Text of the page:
Johnson also opened up about joining the celebrated adaptation as a fan of the game.
Spoiler alert! Warning: spoilers ahead for The Last of Us episode 5, titled "Endure and Survive." Do not proceed if you haven't watched!
Every episode of The Last of Us seems to come with a guarantee: You're going to meet an amazing new character, and, an hour later, be emotionally devastated about them.
Such is the case with episode 5 -- which was released two days early due to Super Bowl Sunday -- which opens with the introduction of Henry (Lamar Johnson) and Sam (Keivonn Montreal Woodard), a pair of brothers who ambushed Joel (Pedro Pascal) and Ellie (Bella Ramsey) at the end of last week's episode.
"Our relationships, I would like to say, are very much mirrored," Johnson told ET's Ash Crossan during an interview for The Last of Pods, an ET and Comicbook crossover podcast. "Henry and Joel are very much the same, and Sam and Ellie are very much the same, and those relationships are quite mirrored."
The foursome end up forming a bond and making plans to travel to Wyoming, however, the episode comes to a tragic end when Sam reveals to Ellie that he's been infected and is about to turn. Not telling his brother or Joel leads to chaotic consequences when Henry wakes up in the middle of the night to find his turned brother attacking Ellie and has to make the decision to kill him.
"It's a very sad scene," Johnson reflected. "I'm really grateful for the opportunity to be able to step into that space and interpret it in my own way. I also didn't wanna create a carbon copy from the game. I did want to honor his performance, because it was beautiful and it affected me when I played the game. But I did want to add my own self and my own instincts to that scene as well."
Johnson praised the show's makeup and prosthetic departments for creating the horrifying visuals for him to react to, but the real tragedy of the moment is compounded by the small glimpse of hope just moments earlier.
"Henry goes to bed joyful, with hope, because Joel had just said, 'Hey, what are you guys doing? We're going to Wyoming. Do you want to come?' 'Yeah, sure. It'll be great for Sam to have a friend.' You know?" he recalled. "There's hope and there's joy in that moment as I go to bed… and then to wake up and see Ellie screaming and Sam trying to [attack her], it's really just confusion."
Noting that Henry isn't aware of Ellie's immunity, Johnson said his character initially goes into protector mode, trying to keep the ruthless Joel away from his brother, but then makes a life-or-death decision -- and it's one he immediately regrets.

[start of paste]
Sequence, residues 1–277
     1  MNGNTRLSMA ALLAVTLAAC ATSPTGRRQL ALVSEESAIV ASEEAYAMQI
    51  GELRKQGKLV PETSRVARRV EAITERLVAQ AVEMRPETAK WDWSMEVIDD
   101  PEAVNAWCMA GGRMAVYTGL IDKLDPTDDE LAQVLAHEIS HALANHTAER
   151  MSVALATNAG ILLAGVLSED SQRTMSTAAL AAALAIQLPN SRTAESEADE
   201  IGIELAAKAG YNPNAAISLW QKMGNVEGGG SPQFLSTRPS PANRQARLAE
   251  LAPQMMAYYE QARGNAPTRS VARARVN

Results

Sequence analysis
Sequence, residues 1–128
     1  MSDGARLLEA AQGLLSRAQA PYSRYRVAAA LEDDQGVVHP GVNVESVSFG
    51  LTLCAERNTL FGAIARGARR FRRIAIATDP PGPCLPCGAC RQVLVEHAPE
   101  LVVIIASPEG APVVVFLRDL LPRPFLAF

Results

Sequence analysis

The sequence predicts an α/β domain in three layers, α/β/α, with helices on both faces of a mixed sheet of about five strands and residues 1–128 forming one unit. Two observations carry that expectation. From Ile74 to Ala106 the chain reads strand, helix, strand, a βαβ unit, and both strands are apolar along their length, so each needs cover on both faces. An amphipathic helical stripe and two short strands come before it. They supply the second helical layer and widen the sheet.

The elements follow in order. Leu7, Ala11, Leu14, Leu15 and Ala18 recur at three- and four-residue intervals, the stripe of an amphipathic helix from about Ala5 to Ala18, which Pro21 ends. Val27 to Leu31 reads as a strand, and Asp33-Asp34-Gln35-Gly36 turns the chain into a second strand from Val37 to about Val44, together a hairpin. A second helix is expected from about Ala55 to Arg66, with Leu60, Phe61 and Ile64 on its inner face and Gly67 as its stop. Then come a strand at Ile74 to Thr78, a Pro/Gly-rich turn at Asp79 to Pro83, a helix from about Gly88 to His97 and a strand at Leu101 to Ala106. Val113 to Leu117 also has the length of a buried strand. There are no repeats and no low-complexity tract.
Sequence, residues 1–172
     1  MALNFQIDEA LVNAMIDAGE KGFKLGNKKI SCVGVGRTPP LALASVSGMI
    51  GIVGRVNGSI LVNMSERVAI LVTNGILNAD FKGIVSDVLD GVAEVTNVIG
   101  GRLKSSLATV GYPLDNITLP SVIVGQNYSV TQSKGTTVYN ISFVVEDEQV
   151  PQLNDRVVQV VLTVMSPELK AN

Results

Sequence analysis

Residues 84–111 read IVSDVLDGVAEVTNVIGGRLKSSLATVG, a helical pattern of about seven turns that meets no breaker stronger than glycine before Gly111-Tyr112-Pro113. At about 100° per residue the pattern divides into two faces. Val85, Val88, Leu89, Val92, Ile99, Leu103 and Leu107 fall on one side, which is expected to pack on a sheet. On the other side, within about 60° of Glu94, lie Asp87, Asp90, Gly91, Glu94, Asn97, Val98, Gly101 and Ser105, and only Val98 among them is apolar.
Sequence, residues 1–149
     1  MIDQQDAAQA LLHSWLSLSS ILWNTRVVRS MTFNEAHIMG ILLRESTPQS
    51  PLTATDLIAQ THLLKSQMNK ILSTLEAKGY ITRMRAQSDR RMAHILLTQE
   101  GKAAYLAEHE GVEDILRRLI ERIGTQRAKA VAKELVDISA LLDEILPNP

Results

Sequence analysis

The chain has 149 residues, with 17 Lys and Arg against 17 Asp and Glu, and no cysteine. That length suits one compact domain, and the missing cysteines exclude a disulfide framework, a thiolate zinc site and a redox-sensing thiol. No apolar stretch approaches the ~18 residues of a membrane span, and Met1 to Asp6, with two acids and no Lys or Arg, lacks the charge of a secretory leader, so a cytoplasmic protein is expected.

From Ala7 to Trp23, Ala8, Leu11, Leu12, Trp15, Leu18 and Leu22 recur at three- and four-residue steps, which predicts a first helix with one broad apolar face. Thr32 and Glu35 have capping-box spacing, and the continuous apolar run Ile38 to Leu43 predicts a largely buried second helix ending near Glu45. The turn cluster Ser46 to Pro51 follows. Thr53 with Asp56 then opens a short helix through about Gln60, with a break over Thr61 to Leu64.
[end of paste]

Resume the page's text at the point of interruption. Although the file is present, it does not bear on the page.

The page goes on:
"It was a split decision and I had to shoot him," he noted. "But as soon as Henry shoots Sam, there's a wash of emotions that go over him. But I think, ultimately, if I was gonna say one word, just, shock. He's shocked. As soon as he shoots him, he instantly regrets it and is in shock. He even asks, 'What did I do?' He's just in shock."
Ultimately, Henry makes the decision to take his own life, with Johnson sharing, "I like to believe that Henry is a God-fearing man and he saw that Sam had passed and he wanted to join his brother."
"Sam is Henry's will to live. He is his purpose," the actor added. "He would not be able to stomach living in this world, as harsh it is as it is, without Sam – especially after all of his efforts, after all that they've both been through: losing both their parents and just having one another. It was just a tough thing for Henry to have to stomach. He definitely would've been very depressed. It would've been on his mind. It would've eaten him away, would've eaten him alive."
Despite his character's untimely end, Johnson said that, as a fan of The Last of Us games, it was an "incredible experience" to be part of the show.
"The reception has been amazing," he raved. "I'm truly watching this as a fan."
As a fan of the franchise, he said he also appreciated the changes that have been made in adapting it for television -- such as making Sam slightly younger and deaf, which he is not in the games.
"Obviously, you just kind of grow a bit more of protectiveness over him because he's so young," Johnson said of his on-screen little brother. "But I think also with the added element of the sign language, I think it added a really nice layer of intimacy between them and also really allowed us to connect even deeper.
"The hardest part was learning the sign, but being able to deliver it in a organic and natural way, because Henry would have been signing with Sam for years," he continued. "So I really had to practice and practice so that it felt organic. Because, you know, Keivonn, he is a part of the deaf community and also me, playing Henry, I'm representing the same community. So I know that there's a responsibility on my part to make sure that I'm doing the best that I absolutely can to represent this community in a truthful and honest way."
The Last of Us normally airs Sundays at 9 p.m. PT/ET on HBO and HBO Max. Episode 5 debuts Friday, Feb. 10, at 9 p.m. PT/ET.